DEC 04, 2016 08:17 AM PST

Russian ISS Resupply Ship Launch Attempt Fails

SpaceX has had their number of mishaps when it comes to failed launch attempts in getting supplies to the International Space Station, but Russia’s equipment been notoriously reliable over the years, which is why their Soyuz spacecraft is repeatedly used to get astronauts to and from the orbiting space lab.
 

A Russian Soyuz spacecraft orbiting the Earth in space.

 Image Credit: Wikipedia

On the other hand, Russia just had their own face palm moment this week as a thankfully unscrewed Progress spacecraft failed to deliver its goods to the International Space Station some six minutes after what looked like a good launch.
 
According to the reports, once the six-minute mark was reached, mission control reportedly lost communication with the Progress spacecraft, suggesting that it may have failed. As a bonus, it wasn’t showing up on radar scans in the area where it was supposed to end up, so it must’ve rained right back down.
 
And that it did…
 
"Basically, what we saw was indications of the third stage separation occurring a few minutes early, and we haven't had any communications with the Progress at all," mission controllers at NASA's Johnson Space Center in Houston told NASA astronaut Shane Kimbrough, the current ISS commander, as the situation was unfolding.
 
Most of the spacecraft burned up in the atmosphere during reentry, but some fragments have reportedly been discovered on the ground in Tuva, Russia.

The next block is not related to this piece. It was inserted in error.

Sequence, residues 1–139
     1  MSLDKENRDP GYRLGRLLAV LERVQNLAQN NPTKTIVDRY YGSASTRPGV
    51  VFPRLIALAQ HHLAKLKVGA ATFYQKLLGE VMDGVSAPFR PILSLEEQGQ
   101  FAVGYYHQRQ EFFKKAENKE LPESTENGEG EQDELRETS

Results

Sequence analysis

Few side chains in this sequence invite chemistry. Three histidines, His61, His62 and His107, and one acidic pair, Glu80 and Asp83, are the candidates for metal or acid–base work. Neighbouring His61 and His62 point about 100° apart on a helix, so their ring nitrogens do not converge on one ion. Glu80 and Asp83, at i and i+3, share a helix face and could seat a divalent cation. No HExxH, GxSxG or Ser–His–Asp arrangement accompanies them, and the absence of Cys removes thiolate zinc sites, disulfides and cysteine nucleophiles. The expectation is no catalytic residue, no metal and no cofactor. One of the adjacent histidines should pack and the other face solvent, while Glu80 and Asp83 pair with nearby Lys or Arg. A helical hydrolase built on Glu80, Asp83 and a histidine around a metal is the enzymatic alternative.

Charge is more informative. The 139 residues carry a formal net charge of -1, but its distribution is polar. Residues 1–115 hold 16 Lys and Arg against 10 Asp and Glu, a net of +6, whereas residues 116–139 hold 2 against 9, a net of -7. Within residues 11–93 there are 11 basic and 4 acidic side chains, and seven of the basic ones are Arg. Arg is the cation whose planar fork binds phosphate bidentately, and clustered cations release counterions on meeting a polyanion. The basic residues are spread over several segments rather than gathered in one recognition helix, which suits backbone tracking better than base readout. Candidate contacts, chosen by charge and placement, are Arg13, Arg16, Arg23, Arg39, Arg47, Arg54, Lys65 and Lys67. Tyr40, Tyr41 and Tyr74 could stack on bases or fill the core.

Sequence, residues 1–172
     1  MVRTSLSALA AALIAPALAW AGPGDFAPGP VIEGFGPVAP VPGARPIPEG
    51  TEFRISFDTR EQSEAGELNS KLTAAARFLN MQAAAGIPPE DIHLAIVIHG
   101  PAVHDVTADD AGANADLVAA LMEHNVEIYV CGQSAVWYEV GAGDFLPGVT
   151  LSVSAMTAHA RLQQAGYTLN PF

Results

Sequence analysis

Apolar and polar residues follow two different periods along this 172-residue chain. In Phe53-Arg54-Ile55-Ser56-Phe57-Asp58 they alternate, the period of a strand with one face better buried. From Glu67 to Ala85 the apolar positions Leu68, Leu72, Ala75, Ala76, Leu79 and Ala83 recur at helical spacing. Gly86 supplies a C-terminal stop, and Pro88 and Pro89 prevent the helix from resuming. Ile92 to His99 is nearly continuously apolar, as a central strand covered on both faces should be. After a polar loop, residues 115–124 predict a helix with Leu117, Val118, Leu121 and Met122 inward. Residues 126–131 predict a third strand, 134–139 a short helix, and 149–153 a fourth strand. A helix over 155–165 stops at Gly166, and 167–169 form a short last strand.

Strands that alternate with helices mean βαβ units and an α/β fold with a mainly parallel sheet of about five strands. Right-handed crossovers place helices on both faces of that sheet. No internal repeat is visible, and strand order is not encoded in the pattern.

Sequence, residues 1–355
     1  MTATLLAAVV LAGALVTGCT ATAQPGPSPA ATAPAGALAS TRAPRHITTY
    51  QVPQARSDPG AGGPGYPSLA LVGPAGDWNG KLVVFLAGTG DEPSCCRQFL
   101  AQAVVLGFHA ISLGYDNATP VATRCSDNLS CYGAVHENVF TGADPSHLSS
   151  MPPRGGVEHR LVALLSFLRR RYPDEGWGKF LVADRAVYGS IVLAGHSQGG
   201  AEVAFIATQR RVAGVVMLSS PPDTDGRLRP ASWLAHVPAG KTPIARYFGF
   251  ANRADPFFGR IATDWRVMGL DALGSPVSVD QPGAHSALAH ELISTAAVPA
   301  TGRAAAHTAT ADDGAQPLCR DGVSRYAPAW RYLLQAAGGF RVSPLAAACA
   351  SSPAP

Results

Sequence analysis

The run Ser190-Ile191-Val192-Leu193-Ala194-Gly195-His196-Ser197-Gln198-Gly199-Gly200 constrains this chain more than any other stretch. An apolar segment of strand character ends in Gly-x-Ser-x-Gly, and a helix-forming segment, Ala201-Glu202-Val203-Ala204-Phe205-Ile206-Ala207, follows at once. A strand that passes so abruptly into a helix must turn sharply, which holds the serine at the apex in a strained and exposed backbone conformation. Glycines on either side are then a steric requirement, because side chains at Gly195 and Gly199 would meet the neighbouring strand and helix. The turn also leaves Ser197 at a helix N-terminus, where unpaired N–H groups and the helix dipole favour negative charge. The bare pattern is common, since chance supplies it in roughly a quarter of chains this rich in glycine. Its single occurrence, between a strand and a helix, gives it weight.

The ship was carrying 2.5 tons of supplies, including food and science experiments, in its cargo space. Although it was lost, Roscosmos says that it won’t affect the normal operations of the International Space Station.
 
The astronauts there still have plenty of food and experiments to use for the time being because NASA Roscosmos each think ahead and keep bulk supplies on the International Space Station just in case of mishaps like this one, another resupply mission will need to be attempted at a later date just to ensure the astronauts have everything they need.
 
The soonest a resupply attempt can be performed again may be on December 9th.
 
Source: Scientific American

About the Author
  • Fascinated by scientific discoveries and media, Anthony found his way here at LabRoots, where he would be able to dabble in the two. Anthony is a technology junkie that has vast experience in computer systems and automobile mechanics, as opposite as those sound.
You May Also Like
OCT 14, 2019
Space & Astronomy
OCT 14, 2019
Can We Prevent Phobos' Inevitable Demise?
Mars has two natural satellites: Deimos and Phobos; the latter orbits Mars closer than any other moon orbiting the other planets in the solar system, and i...
OCT 14, 2019
Space & Astronomy
OCT 14, 2019
SpaceX Launches RADARSAT Satellites for the Canadian Space Agency
SpaceX moved forward with a prearranged Falcon 9 rocket launch from California’s Vandenberg Air Force Base Wednesday morning in a move that helped th...
OCT 14, 2019
Space & Astronomy
OCT 14, 2019
NASA's Curiosity Rover Detects More Methane Gas on Mars
When planetary scientists deploy space missions to explore other worlds in search of alien life, they often look for signatures that are known to exist her...
OCT 14, 2019
Space & Astronomy
OCT 14, 2019
How Long Will it Be Before We Start Mining Asteroids?
The idea of mining an asteroid probably sounds like something right out of a science fiction movie, but as it turns out, it’s something that we&rsquo...
OCT 14, 2019
Space & Astronomy
OCT 14, 2019
Watch SpaceX Fly its Starhopper Prototype 150 Meters in the Air
SpaceX conducted another test flight of its Starhopper prototype starship on Tuesday, this time flying it more than 150 meters in the air. Tuesday’s...
OCT 14, 2019
Space & Astronomy
OCT 14, 2019
How Astronomers Determine the Universe's Age
The universe is so old and so large that the Earth is but an insignificant speck of dust by comparison. Astronomers are always trying to make sense of the...
Loading Comments...